Chibok Girls: Still Missing Two Years After
Today, Thursday, April 14, 2016, marks the second year since the Chibok girls were abducted by Boko Haram insurgents causing international outrage against Boko Haram as well as the Federal Government.
Many protesters all over the world demanded greater government actions over the rescue of the girls and security of lives and property.
The terrorists were said to have broken into the school pretending to be guards, telling the girls to come with them, when the girls came out, they burnt their dormitory and took a large number of the girls away in a truck to an unknown destination.
Initial reports claimed 85 girls had been kidnapped. The military authorities issued a statement that 100 of 129 missing girls had been freed, but there were conflicting reports about the figures.
While the Nigerian military said 129, the parents claimed 234 and the Nigerian Police approximated the figure to be around 276.
Concerned citizens cried out that Nigerian authorities failed to provide protection for the girls, even when Boko Haram had warned of an impending attack.
The Nigerian Police said they were still unclear about the exact number of students abducted and called on parents to provide pictures to identify their missing children.
The mix up over the figures of the missing girls drew the anger of civil society organizations and led to the setting up of a committee by the Goodluck Jonathan administration to get to the root of the whereabouts of the girls and to look into their rescue.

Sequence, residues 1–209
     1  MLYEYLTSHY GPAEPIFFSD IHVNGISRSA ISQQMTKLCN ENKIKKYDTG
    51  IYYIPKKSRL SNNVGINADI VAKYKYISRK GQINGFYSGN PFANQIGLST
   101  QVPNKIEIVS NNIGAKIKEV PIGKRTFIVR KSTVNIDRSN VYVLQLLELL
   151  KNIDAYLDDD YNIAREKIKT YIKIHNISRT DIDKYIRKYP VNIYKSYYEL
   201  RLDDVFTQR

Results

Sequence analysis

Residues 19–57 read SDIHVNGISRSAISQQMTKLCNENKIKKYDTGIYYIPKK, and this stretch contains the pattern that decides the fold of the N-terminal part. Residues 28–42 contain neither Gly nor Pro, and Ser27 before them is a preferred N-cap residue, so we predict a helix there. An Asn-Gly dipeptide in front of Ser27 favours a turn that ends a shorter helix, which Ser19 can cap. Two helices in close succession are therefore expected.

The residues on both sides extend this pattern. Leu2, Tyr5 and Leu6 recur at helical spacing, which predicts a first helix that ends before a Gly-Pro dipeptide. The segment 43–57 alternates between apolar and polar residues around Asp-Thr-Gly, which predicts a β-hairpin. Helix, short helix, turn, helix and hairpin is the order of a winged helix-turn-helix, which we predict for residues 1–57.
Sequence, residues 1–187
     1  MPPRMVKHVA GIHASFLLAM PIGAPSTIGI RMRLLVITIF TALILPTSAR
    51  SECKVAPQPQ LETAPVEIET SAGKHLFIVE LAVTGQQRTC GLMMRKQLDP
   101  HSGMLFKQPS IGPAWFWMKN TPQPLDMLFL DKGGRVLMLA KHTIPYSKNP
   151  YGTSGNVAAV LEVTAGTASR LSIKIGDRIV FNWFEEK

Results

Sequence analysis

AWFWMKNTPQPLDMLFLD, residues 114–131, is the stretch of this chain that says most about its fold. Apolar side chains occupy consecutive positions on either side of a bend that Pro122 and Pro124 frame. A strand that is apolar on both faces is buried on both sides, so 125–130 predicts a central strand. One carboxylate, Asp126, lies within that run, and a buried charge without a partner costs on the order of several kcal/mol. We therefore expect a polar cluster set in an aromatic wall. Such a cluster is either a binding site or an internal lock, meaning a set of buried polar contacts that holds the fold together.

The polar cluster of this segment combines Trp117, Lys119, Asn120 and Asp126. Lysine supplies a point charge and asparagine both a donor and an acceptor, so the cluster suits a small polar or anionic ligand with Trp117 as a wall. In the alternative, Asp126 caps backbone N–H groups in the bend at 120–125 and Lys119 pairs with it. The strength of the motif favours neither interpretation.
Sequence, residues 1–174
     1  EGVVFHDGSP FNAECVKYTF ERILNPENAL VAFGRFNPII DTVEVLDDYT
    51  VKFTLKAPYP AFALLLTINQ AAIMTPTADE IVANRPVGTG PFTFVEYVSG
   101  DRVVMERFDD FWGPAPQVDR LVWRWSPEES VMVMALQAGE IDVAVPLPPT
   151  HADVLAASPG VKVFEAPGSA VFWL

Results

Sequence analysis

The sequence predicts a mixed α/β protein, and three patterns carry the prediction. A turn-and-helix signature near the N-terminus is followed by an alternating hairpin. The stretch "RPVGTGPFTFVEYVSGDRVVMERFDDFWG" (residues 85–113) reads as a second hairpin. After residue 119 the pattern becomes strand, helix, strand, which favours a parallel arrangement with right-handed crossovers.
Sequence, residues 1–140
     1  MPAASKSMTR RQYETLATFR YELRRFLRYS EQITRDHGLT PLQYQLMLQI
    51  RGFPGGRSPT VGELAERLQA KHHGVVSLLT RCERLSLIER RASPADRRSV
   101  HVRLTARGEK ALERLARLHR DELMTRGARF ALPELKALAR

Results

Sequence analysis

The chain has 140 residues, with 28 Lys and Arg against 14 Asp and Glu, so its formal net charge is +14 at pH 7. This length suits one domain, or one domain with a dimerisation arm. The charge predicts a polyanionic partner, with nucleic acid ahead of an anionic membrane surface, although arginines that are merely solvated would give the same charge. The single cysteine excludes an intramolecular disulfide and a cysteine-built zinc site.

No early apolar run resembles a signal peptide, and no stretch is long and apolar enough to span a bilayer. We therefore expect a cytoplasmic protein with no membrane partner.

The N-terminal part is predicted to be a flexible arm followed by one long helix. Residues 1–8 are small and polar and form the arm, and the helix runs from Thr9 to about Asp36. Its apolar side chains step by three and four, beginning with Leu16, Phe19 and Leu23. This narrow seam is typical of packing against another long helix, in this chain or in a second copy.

Boko Haram leader, Abubakar Shekau, claimed responsibility for the kidnap, releasing pictures of 130 girls in hijab and challenging the government that he will marry the girls out to unknown destinations.
That drew reactions from within and outside the country prompting several petitions poured in from concerned citizens who pressured the government to act.
A group of diverse citizens started a sit out on March 30, 2014, at the Unity Founding, Abuja, advocating for the speedy and effective search and rescue of the girls.
They marched to the National Assembly defying the rains, demanding for one thing; that the abducted girls be brought back.
They also tried to enter the Presidential Villa to pressure the government to do something, but were severally resisted. All they got was a ministerial delegation.
Nigeria’s former First Lady at that time, Patience Jonathan, set up her own type of investigation in an effort to unravel the situation around the kidnapping. She was, however, overtaken by emotions.
Days passed, followed by weeks and then months and now years. The international community joined in condemnation of the abduction of the Chibok girls.
The #BringBackOurGirls became the most popular in the world on social media with everyone urging the Federal Government to Bring Back Our Girls.
Elections came and gone with the girls in captivity. The batons changed. A new government came into power in Aso Rock and with their hashtag, the Oby Ezekwesili group got what they could not get in the past administration – a meeting with the President right in the Presidential Villa with hope rising promises to rescue the girls.
That promise is yet to be fulfilled as the Chibok girls are still in captivity.
Nigerians and the international community are waiting to see a fulfilment of the promise by the Muhammadu Buhari-led government that they cannot claim to have defeated Boko Haram without rescuing the Chibok girls and other innocent persons held hostage by the insurgents.
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